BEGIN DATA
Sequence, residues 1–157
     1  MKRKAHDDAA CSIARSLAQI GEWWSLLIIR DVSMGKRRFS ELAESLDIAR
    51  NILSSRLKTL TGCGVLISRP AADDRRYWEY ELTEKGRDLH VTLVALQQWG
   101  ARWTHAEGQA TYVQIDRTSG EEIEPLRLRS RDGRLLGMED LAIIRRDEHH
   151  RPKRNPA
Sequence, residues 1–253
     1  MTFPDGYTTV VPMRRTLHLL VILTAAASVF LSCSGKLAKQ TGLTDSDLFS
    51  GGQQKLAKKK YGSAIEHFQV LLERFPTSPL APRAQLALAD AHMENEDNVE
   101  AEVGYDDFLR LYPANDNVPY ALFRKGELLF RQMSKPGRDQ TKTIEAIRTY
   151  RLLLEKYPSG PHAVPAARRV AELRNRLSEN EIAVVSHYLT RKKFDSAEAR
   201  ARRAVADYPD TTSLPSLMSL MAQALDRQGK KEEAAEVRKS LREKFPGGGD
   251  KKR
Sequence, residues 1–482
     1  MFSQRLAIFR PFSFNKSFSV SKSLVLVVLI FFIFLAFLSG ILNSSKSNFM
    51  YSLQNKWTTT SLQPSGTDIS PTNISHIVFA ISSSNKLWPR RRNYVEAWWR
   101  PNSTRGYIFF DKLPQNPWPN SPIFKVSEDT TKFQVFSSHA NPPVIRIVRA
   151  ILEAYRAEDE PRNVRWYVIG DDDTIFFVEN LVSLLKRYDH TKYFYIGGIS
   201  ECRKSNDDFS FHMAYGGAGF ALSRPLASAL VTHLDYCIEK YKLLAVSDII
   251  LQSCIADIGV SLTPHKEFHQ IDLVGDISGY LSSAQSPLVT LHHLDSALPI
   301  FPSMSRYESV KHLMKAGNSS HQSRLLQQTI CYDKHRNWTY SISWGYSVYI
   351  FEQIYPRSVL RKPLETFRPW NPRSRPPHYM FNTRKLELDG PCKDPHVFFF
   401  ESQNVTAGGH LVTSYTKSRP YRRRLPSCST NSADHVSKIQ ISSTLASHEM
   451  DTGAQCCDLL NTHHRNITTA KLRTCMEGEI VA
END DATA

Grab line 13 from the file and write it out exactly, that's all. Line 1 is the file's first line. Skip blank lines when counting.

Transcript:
Sequence, residues 1–482